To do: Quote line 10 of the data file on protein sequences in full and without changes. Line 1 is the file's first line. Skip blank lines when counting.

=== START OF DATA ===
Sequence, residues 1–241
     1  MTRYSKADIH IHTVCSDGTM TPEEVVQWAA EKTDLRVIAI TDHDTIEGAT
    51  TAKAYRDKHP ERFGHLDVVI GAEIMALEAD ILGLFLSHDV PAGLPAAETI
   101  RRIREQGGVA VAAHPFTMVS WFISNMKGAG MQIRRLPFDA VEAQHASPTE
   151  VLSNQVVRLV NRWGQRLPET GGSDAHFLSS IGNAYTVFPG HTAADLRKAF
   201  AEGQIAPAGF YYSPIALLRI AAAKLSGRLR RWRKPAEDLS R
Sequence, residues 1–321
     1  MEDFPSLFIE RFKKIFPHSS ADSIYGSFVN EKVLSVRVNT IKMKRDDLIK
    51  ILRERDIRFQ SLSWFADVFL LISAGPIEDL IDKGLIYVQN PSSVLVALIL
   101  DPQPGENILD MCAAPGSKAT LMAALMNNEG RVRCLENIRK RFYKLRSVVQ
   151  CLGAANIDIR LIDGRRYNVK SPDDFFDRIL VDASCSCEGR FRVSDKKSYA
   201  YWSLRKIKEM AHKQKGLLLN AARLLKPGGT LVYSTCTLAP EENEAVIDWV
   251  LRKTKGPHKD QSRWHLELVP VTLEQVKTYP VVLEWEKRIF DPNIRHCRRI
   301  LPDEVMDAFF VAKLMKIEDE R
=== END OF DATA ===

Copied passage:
   101  DPQPGENILD MCAAPGSKAT LMAALMNNEG RVRCLENIRK RFYKLRSVVQ